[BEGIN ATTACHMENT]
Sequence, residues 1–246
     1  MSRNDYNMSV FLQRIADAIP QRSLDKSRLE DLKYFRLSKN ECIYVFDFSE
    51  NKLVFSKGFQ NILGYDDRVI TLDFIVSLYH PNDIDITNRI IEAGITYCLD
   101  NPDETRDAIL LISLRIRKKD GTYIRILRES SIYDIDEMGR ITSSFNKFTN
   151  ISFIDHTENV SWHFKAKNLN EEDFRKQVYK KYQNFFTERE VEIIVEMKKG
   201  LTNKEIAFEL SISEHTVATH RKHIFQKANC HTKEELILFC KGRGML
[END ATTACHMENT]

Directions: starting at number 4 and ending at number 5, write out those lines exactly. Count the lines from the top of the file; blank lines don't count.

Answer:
   101  NPDETRDAIL LISLRIRKKD GTYIRILRES SIYDIDEMGR ITSSFNKFTN
   151  ISFIDHTENV SWHFKAKNLN EEDFRKQVYK KYQNFFTERE VEIIVEMKKG